‘Ghosts’ Scare Indonesians Into Staying Home During Lockdown
Different countries have put in place different measures to ensure their citizens adhere to the coronavirus lockdown. But, Kepuh village in Indonesia has taken it to a whole new level.
The village on Java island has deployed a cast of “ghosts” to patrol the streets, hoping that age-old superstition will keep people indoors and safely away from the coronavirus.
“We wanted to be different and create a deterrent effect because ‘pocong’ are spooky and scary,” said Anjar Pancaningtyas, head of a village youth group that coordinated with the police on the unconventional initiative to promote social distancing as the coronavirus spreads.
Known as “pocong”, the ghostly figures are typically wrapped in white shrouds with powdered faces and kohl-rimmed eyes. In Indonesian folklore they represent the trapped souls of the dead.
But when they first started appearing this month they had the opposite effect. Instead of keeping people in they bought them out to catch a glimpse of the apparitions.
The organisers have since changed tack, launching surprise pocong patrols, with village volunteers playing the part of the ghosts which makes the villagers run off in fright at the sight of the ‘ghosts’.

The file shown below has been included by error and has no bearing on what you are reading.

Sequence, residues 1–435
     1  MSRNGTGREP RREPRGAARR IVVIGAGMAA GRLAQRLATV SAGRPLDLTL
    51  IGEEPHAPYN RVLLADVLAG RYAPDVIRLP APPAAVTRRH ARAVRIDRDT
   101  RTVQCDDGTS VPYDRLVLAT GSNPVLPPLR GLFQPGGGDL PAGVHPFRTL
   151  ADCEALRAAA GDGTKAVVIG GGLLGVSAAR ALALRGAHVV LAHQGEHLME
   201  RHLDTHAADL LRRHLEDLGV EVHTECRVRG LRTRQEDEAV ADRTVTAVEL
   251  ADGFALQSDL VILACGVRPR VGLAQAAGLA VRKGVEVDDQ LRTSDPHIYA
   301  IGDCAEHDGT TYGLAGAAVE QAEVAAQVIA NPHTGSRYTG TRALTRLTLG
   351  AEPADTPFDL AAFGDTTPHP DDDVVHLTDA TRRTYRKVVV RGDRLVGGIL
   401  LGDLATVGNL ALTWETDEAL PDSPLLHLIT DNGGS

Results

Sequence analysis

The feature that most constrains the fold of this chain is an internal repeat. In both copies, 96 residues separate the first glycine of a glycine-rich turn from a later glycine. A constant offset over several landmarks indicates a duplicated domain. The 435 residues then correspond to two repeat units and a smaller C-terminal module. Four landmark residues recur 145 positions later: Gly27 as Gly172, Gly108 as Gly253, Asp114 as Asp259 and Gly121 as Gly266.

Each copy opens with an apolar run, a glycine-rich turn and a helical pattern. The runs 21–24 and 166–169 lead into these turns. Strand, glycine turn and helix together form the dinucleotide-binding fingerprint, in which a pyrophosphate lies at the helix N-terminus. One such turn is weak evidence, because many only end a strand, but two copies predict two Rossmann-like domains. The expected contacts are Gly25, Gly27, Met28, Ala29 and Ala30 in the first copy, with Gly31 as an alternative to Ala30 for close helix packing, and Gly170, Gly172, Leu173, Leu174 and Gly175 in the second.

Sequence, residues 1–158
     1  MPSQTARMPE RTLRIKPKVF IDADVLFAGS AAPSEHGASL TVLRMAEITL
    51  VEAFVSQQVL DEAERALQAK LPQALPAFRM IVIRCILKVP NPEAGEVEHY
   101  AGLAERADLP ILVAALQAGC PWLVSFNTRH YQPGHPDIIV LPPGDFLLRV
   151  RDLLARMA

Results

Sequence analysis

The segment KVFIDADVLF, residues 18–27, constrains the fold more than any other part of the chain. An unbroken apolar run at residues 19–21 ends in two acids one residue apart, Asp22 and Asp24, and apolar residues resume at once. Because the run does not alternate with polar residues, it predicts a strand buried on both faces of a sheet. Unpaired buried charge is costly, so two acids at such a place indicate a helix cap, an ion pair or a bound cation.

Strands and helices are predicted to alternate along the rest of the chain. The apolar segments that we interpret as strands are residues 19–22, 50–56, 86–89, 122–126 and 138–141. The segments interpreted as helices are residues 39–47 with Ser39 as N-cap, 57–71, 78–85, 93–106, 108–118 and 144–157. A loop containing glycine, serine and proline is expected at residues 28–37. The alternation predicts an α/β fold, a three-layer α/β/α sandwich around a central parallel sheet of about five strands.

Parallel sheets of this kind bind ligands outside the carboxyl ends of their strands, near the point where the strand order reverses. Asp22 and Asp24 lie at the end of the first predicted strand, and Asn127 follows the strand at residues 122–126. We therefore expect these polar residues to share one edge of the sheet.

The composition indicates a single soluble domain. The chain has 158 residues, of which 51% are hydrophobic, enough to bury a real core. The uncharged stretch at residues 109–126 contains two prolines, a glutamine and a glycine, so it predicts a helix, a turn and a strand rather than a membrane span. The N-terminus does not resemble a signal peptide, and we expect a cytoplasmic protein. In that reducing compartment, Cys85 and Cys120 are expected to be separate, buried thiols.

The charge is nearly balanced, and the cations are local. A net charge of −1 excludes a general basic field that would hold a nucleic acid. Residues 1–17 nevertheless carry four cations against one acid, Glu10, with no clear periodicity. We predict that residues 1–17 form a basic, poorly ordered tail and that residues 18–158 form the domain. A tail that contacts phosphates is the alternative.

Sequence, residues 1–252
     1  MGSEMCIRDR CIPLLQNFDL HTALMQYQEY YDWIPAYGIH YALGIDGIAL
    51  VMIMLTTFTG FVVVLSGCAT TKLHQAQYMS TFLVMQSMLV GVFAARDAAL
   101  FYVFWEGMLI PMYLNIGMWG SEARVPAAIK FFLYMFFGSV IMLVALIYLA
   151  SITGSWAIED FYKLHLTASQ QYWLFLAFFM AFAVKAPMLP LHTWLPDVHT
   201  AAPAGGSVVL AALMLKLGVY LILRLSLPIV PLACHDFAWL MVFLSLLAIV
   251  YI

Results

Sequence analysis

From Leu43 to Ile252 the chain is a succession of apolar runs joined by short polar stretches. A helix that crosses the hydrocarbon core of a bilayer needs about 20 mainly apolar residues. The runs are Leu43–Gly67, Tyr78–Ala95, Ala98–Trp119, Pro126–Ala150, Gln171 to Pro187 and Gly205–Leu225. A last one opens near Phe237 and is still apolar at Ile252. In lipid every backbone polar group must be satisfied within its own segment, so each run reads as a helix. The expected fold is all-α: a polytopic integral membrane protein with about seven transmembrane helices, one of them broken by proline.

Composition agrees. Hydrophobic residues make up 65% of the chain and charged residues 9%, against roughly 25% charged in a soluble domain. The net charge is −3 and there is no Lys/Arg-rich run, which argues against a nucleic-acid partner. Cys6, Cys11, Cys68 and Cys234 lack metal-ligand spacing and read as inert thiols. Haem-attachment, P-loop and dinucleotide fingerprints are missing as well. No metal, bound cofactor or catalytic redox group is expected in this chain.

Rather than call for a national lockdown amid the pandemic, President Joko Widodo is instead urging people to practise social distancing and good hygiene.
But with the highest rate of coronavirus deaths in Asia after China, some communities, such as Kepuh village, have decided to take measures into their own hands, imposing the ghostly patrols, lockdowns and restricting movement in and out of their village.
“Residents still lack awareness about how to curb the spread of COVID-19 disease,” said village head Priyadi, “They want to live like normal so it is very difficult for them to follow the instruction to stay at home.”
There are now 4,241 confirmed cases of the coronavirus in Indonesia, and 373 deaths, with fears the numbers will rise significantly.